On the other hand, ‘Alexander’ is a name that has plentiful tartan connotations. There were three Kings of Scotland by the name of Alexander. It has been widely asserted that the choice reaffirms the Royal family’s special affinity for Scotland. However, it is somewhat of an exaggeration to say that the name was chosen to help secure more votes for the ‘Better Together’ campaign in relation to the Scottish referendum in 2014. William and Kate probably chose the name for the simple reason that they liked it and it was an acceptable name for royalty. Nonetheless, Elizabeth II’s second name is Alexandra and it was the name of the Queen’s great-grandmother. Thus, one does not have to stretch the mind back to medieval Scottish ancestry to find the name’s root.

The name Louis has a subtle reference to the much admired Lord Louis Mountbatten of Burma, (Prince Philip’s uncle). Prince Charles has been quoted saying on occasion that Lord Louis was more of a paternal figure to him than his own father. Lord Louis was tragically assassinated by an IRA bomb in 1979 and provides a haunting memory of the horror that terrorism can inflict upon families who are capriciously forced to deal with a painful loss. It carries the flame of remembrance and illustrates that the Royal family will not forget the well-respected naval commander and military hero who happened to live in the ranks of the Royal family. To fight for the banner of freedom only to die at the hands of reprehensible cowards from a profoundly undemocratic organisation like the IRA is a tragedy of the first magnitude. The continued use of Lord Louis’s name shows that time has not dampened the memory of this man of towering respect.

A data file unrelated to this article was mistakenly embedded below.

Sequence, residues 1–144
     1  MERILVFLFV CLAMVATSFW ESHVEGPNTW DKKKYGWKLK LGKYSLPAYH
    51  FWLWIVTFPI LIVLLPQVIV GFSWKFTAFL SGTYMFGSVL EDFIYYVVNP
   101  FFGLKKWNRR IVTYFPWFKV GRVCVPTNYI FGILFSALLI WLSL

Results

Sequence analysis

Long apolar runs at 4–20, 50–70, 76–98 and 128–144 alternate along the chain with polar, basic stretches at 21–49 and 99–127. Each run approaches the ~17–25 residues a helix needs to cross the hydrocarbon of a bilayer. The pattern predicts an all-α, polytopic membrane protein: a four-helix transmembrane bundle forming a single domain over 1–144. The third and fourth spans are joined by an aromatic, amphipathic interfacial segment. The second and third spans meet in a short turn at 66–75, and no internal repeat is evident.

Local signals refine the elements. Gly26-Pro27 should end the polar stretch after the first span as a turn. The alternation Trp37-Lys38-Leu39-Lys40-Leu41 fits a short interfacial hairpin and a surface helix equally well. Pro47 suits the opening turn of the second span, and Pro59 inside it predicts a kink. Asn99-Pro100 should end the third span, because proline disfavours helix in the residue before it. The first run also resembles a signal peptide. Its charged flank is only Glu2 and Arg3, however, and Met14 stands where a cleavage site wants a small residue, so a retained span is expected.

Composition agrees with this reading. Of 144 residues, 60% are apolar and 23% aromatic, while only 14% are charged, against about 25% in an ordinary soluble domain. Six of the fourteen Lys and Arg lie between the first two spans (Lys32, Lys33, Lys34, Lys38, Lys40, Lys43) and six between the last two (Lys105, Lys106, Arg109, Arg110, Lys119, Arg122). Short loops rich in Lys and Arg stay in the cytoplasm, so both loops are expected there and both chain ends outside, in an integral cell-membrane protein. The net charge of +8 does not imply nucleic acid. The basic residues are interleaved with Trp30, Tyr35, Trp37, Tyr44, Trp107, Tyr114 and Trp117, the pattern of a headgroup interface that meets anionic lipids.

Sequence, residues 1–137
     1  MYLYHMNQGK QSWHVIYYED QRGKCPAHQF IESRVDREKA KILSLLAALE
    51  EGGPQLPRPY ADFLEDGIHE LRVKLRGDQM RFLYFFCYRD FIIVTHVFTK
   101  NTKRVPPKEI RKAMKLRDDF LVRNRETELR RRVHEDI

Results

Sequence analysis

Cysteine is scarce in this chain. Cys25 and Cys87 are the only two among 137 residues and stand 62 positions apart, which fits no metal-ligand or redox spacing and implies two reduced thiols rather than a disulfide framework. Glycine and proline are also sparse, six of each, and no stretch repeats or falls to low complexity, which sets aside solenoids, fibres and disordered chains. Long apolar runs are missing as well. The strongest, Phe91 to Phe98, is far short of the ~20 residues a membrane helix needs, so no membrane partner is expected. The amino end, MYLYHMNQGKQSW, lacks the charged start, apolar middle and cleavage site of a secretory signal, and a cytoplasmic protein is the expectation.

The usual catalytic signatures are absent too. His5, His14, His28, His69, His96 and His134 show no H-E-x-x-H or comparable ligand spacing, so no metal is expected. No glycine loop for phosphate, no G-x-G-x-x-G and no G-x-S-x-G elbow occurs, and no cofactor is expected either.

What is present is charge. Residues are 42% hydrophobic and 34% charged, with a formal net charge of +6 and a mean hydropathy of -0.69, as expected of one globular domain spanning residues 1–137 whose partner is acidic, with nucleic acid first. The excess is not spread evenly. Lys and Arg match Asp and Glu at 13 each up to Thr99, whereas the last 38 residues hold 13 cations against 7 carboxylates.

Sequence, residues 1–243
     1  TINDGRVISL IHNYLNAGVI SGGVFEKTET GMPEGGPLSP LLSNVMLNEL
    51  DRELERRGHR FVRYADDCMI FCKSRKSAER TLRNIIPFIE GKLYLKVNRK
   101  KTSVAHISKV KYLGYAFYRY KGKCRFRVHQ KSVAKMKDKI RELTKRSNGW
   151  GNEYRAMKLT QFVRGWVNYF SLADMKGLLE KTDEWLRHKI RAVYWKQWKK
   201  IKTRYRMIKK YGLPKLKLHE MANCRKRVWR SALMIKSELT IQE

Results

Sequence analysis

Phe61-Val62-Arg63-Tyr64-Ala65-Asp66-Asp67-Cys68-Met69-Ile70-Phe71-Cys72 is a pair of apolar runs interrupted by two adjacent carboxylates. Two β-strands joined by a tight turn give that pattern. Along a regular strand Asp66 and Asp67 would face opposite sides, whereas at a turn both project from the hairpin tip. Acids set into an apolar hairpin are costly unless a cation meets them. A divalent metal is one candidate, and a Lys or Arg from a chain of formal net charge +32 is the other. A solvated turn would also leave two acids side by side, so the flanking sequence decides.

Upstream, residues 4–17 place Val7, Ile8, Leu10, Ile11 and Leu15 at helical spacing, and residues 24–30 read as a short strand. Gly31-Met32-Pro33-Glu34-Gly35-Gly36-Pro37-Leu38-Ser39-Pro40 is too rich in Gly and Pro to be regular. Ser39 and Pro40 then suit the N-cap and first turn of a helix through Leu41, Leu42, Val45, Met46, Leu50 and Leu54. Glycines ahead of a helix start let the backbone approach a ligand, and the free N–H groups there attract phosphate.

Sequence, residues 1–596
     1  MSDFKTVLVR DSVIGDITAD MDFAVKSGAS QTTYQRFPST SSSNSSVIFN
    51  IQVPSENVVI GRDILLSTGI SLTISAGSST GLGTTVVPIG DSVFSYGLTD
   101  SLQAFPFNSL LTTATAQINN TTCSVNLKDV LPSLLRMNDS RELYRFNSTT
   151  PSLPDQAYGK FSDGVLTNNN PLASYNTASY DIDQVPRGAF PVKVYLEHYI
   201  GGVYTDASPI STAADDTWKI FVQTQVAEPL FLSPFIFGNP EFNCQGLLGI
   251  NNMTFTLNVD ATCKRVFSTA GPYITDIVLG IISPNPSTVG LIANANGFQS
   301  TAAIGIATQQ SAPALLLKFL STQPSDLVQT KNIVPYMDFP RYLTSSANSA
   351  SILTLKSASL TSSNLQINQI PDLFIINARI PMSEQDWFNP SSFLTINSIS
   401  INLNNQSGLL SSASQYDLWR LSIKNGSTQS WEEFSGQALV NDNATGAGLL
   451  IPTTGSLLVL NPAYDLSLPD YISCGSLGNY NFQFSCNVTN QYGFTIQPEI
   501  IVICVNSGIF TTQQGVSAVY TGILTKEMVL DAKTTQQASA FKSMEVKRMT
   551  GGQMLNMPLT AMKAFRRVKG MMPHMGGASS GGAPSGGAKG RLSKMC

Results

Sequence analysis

[pullquote]Prince George is probably as of yet unaware of the heavy burden of responsibility that rests of his small shoulders.[/pullquote]

The flux of media interest has now begun to subside. William and Kate will have the pleasure of getting to know their newborn baby a little better behind the privacy of closed doors. However, royal tradition states that it is advantageous to have an heir and at least a spare (if not a few spares) in the sidelines. This well worn guidance implies that we can expect at least another Prince or Princess of Cambridge in the future. But for now, we can be happy in the knowledge that the young Prince George will grow up in a Royal family which is ever-increasingly popular and which has warmed itself to the hearts of the British public over the years. Prince George is probably as of yet unaware of the heavy burden of responsibility that rests of his small shoulders. One day, he will be King of the United Kingdom, Head of State in 16 nation-states, Supreme Governor of the Church of England, Head of the Armed Forces and (most likely) Head of the Commonwealth of Nations. A daunting future indeed! Let’s hope that Prince George will be given a relatively care-free childhood, away from the prying eyes of the superfluously intrusive media. Now, it is only left for me to wish the best of luck to a devoted couple who are about to journey down the path of parenthood together and enrich their lives in consequence.

Photo Credit: Michael Cotterill